-- Baltimore Ravens Coach Brian Billick didn't wait for the first question to be asked at his daily media gathering at training camp; he gave an answer to the question that he knew was coming:

"The man's retired. I've got no clue," Billick said of a report that Deion Sanders was contemplating coming out of retirement to play for the Ravens. "Next question."

Sanders, one of the NFL's greatest cornerbacks and a future Hall of Famer, is 37 and has been out of football for three seasons. Yet he remains a charismatic figure, and the possibility that he might return to the NFL with the Ravens -- as first reported by the Baltimore Sun in Monday's editions -- is intriguing.

But the Ravens aren't saying much, other than they would be interested in Sanders if he came out of retirement.

"Sure, if he comes out of retirement, yeah," Billick said. "Stand in line. There would be a lot of teams interested if he came out of retirement."

Sanders hasn't played since the 2000 season, when he was with the Washington Redskins. He retired in July 2001 after 12 seasons in the NFL, in which he was named to seven Pro Bowls and won Super Bowl titles with San Francisco and Dallas.

"I don't know," said Eugene Parker, Sanders's agent, when asked if a return was imminent. "Right now, he's retired."

Sanders has gotten calls from players -- including the Ravens' Ray Lewis and Corey Fuller, his close friends -- who have asked him to consider returning to football, according to a source close to Sanders.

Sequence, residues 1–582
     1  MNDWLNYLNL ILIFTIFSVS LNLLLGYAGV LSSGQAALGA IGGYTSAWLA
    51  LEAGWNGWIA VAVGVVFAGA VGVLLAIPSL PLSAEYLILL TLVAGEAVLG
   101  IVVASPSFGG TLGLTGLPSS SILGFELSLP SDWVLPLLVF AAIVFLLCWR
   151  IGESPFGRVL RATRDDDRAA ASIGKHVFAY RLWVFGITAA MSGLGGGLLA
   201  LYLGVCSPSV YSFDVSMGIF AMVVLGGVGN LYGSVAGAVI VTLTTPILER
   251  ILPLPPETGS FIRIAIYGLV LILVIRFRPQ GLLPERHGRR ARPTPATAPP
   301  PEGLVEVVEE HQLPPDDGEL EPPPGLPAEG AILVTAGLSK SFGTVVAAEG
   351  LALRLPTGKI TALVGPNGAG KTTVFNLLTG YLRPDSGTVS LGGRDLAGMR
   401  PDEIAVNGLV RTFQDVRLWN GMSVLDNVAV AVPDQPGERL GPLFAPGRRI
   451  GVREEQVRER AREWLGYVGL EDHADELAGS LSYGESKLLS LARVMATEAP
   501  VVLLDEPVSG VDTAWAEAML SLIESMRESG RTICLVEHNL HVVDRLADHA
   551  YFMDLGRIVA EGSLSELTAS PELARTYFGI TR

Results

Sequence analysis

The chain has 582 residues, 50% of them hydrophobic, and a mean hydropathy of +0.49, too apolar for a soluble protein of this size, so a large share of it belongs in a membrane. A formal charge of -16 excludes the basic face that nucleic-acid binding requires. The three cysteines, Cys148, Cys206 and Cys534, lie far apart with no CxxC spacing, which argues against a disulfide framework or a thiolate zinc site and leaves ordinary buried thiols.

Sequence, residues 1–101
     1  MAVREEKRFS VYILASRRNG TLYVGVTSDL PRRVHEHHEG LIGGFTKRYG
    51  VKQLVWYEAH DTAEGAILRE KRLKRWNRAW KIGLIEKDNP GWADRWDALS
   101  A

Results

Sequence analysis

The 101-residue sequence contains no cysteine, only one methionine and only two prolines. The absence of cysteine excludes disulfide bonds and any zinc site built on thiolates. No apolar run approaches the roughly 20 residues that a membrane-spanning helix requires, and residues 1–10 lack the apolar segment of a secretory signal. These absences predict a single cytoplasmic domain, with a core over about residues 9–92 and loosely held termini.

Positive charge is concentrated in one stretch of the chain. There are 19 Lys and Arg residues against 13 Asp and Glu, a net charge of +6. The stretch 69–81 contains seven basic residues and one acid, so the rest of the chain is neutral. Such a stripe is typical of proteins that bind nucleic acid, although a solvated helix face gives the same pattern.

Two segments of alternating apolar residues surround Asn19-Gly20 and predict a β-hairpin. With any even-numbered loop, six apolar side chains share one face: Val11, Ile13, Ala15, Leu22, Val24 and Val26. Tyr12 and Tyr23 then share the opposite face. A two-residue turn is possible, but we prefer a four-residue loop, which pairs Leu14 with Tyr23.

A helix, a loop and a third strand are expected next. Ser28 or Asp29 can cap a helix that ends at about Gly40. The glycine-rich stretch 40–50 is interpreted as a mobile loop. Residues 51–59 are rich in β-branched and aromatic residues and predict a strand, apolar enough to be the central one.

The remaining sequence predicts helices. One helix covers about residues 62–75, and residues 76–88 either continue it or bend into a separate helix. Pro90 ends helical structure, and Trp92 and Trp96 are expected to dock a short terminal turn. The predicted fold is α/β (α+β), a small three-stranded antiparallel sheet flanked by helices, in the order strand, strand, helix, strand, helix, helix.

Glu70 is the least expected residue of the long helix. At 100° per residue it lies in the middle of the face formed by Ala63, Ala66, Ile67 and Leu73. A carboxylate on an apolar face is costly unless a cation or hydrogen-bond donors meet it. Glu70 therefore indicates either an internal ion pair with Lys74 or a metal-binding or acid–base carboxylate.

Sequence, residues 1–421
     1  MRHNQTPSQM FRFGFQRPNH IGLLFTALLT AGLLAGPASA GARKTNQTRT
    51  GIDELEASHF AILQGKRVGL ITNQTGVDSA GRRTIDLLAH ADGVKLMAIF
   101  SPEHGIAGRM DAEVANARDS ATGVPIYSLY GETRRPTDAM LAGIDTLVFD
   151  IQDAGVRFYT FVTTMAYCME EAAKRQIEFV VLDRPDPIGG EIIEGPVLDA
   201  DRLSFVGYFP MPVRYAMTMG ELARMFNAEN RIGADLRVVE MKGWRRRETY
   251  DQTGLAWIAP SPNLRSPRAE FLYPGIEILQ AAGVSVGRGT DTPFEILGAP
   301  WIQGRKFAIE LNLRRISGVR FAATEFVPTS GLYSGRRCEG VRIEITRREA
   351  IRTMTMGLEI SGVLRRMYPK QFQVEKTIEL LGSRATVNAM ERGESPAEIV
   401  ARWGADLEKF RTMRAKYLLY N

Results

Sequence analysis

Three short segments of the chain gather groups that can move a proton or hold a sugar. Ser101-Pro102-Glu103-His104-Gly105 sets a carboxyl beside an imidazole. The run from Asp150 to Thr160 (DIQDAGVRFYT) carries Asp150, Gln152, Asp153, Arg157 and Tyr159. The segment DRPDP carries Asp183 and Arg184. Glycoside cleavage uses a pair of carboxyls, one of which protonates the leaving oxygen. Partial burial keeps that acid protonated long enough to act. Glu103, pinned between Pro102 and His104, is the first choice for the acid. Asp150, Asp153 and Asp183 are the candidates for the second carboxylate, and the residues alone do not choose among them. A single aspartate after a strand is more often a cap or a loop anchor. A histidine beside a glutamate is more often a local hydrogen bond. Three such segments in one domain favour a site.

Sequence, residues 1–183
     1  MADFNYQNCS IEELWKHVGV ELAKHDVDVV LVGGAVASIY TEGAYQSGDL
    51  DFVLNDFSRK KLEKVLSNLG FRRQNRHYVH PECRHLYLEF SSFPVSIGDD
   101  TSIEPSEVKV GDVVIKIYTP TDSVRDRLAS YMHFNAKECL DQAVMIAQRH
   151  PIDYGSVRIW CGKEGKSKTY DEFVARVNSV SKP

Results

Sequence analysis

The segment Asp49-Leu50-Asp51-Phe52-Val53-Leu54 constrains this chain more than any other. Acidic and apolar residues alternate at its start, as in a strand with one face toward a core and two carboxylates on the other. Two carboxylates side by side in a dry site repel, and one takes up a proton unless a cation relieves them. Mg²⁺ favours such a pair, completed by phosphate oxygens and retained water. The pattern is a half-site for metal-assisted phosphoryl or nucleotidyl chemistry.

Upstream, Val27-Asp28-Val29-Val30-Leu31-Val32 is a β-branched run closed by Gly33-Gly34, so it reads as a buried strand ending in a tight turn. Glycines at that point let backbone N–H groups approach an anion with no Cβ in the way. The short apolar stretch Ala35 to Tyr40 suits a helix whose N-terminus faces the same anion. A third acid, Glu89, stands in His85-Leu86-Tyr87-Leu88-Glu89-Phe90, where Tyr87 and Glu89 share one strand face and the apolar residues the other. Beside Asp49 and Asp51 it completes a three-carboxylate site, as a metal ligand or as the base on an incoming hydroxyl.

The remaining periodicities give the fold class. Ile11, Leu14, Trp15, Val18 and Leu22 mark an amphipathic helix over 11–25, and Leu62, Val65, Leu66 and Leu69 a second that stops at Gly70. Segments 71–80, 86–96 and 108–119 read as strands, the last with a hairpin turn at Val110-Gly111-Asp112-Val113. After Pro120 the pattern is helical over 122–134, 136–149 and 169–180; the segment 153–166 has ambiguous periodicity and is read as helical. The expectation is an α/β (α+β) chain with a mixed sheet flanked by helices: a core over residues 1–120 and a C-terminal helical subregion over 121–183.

"If anybody can come back, he can," the source said. "But he's not going to come back to be mediocre."

Another member of Sanders's camp said that Sanders will use the next two to three weeks to work out and think about whether he wants to return.

Sanders is a free agent and can sign with any team. The Ravens are an attractive option because Sanders would not have to be the main man, according to the second source. Baltimore's secondary features two Pro Bowl players, third-year safety Ed Reed and sixth-year cornerback Chris McAlister (who has yet to report to camp because of a contract dispute), as well as a rising star in fourth-year cornerback Gary Baxter.

Instead, Sanders would be used as a nickel back in passing situations. The Ravens thought they had found their nickel back when they signed veteran Dale Carter in June, but Carter is out for the season because of a blood clot in his lung.

Sanders's post-football television career has stalled. He spent the last three seasons as part of CBS's pregame show but left in May because the network reportedly refused to double his $1 million salary. Sanders was also relieved of his hosting duties on ESPN's "The New American Sportsman" because he was only interested in fishing, and not the hunting and shooting aspects of the show. He is supposed to co-host a sports-themed talk show with comedian Paul Rodriguez.

This is not the first time that Sanders has flirted with a return to the NFL. In December 2002, Sanders said that he was interested in playing for the Oakland Raiders, who eventually wound up in the Super Bowl. The Redskins waived Sanders off their reserve-retired list, which allowed any team to claim him, and Sanders ended up with San Diego, which had the worst record of the teams that put in a claim.

Last November, Sanders told ESPN that he wanted to be considered for the Atlanta Falcons' head coaching position.

But apparently, the idea of playing still interests him.

"I never say never," Sanders said in a joint interview with The Baltimore Sun and Comcast SportsNet that was posted on the paper's Web site. "It would be a wonderful thing if I got the opportunity to play."

Staff writer Mark Maske contributed to this report.

SANDERS